Cultural Survival Quarterly Magazine

Worlds Transformed Indigenous Peoples' Health in Changing Rainforests

It is said that one of the great ironies of conservation is that what has been preserved by a thousand wise men for athousand years may be destroyed by a few fools in an hour.

No Justice in Ok Tedi Settlement

During the first two weeks of January 2004, the Supreme Court of Victoria in Melbourne received an extraordinary series of letters from Papua New Guineans objecting to the pending settlement of their legal case against the Ok Tedi mine and BHP Billiton (formerly BHP).

Looking Forward, Looking Back: Canada's Response to Land Claims

In 1874, a band in Southern Saskatchewan living on the margins of Canadian society signed Treaty No. 4 with the Canadian government and released most of its traditional territory in exchange for a much smaller reserve and promises of farm implements and an annual annuity to ensure its survival.

Health in Living with the Joy of Nature

In order to live well, every community needs a shaman with inherited knowledge. This knowledge comes to us from the origin of times. Back in the olden times of our ancestors, we learned to relate with all the other living beings through concentration.

Familiar Landscapes, Common Challenges: Totem pol

Tourism threatens the cultures and environments of indigenous communities all over the world. The Buryat and Soyot of Siberia—not normally considered a hot tourist destination—are among those concerned about the growing number of visitors to their important cultural and ecological areas.

Do People Belong in the Forest?

Archaeology has widely documented that rainforests have been inhabited and cultivated for millenia, and greatly modified by human presence. In central Africa, the forest is occupied by two sets of communities, hunter-gatherers (commonly called Pygmies) now turning to agriculture, and traditional Bantu farmers.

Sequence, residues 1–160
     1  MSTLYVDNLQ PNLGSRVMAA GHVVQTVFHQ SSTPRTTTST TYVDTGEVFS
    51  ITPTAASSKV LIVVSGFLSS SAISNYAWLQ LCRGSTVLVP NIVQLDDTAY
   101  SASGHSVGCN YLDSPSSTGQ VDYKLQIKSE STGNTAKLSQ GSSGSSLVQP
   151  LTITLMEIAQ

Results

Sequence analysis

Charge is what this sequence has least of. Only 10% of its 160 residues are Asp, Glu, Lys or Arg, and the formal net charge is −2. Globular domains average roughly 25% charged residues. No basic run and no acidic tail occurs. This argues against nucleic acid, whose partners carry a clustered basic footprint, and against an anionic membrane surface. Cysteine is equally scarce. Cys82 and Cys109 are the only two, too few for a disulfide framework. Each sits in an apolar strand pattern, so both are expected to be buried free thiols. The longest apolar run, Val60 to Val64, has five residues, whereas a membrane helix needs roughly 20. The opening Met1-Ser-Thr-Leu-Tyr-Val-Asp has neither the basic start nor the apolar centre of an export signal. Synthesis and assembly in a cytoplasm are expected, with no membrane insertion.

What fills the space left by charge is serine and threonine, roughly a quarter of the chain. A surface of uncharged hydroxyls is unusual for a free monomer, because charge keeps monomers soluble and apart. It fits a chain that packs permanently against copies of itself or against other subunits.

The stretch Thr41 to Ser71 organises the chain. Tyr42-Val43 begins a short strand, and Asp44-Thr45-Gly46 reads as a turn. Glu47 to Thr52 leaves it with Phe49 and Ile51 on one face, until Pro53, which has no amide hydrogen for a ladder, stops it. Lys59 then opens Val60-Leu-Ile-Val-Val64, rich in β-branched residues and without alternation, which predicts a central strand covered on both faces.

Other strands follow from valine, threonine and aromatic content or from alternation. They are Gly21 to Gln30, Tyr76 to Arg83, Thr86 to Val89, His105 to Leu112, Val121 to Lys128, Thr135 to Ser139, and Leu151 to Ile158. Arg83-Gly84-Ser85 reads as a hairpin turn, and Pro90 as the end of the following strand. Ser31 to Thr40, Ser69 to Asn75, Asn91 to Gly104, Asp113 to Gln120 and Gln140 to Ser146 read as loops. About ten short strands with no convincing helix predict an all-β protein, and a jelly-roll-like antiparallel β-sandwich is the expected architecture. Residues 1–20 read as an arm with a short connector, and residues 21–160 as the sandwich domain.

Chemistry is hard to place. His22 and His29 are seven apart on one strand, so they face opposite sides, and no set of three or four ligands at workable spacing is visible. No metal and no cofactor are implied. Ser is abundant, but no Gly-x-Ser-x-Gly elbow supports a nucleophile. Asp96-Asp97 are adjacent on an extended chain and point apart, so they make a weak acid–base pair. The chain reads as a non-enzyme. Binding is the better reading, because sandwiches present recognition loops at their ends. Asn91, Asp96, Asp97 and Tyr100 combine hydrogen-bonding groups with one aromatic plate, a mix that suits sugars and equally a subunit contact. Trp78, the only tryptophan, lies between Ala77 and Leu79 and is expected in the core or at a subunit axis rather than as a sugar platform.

Cultural Survival: A Human Rights Organization

Thirty-two years ago when Cultural Survival was founded, its name aptly described its mission.

Conservation and Health: A Case Study in Borneo

Forty years ago the island of Borneo was covered by the world’s oldest and perhaps most biologically diverse rainforest. Logging and land conversion has since led to deforestation of about half of this great island. Even most national parks in Borneo are now being illegally logged. It is an ecological disaster of the first order. Forest People in Peril

Celebrating Andean Culture:Center for Andean Ethnomusicology

The Center for Andean Ethnomusicology (CAE), a Cultural Survival Special Project, works to revive local cultures and promote ethnic diversity in Andean countries, through the study and documentation of traditional cultures. Its work often centers on recording cultural representations like music, ritual, and the dance-drama.

Burji Recognition in the Kenya Constitution

At the turn of the 20th century, the Burji community arrived in Kenya from Yavelo Province, Ethiopia, courtesy of the then-commissioner of the Marsabit District in northern Kenya.

Bringing Western Health Care to the Peruvian Amazon

The Achuar Indians live on the upper Pastaza River in the Peruvian Amazon near the Ecuadorian border. They are one of the four tribes of the Jivaroan family that inhabit the vast regions of northeastern Peru and southern Ecuador.

An Ecotourism Challenge: The South North Tourism Route

South Africa’s Northern Cape, home to the Nama, Griqua, and Cape Khoi peoples, is one of the most biologically diverse flora regions in South Africa, extending in the northwest region of the country from the craggy desert mountains of the Richtersveld to the coastal seascapes of Hondeklipbaai. The local peoples’ ancestors date back to the early San Bushmen.

Basketballs for Bows and Arrows: Deforestation and Agta Culture Change

Until the 1970s, all Agta boys knew how to shoot small bows and arrows by the time they were four, and by age 10 they often came home with small birds they had shot in the nearby forest. These children would typically pluck and clean their birds (often just one tiny sparrow), roast the meat on coals, and then divide and distribute small portions among their playmates.

Nigerian Communities' ChevronTexaco Lawsuit Moves Forward

On March 25, in a victory for Niger Delta region indigenous groups involved in a lawsuit against ChevronTexaco, a federal district court in San Francisco found that the oil company can be held liable for the actions of its subsidiary, Chevron Nigeria Ltd.

No Longer Nomadic: Changing Punan Tubu Lifestyle Requires New Health Strategies

Over the past half-century tropical humid forests have undergone unprecedented pressure to make way for people, often at the cost of ecological functions that may affect human health. The role of deforestation in the increase in infectious diseases is the most obvious direct health impact, but more indirect consequences should not be underestimated.

Intercultural Health Processes in the Colombian Amazon

Amazonian indigenous peoples understand and manage health as a vital expression ofthe way in which human beings and the rainforest environment interact.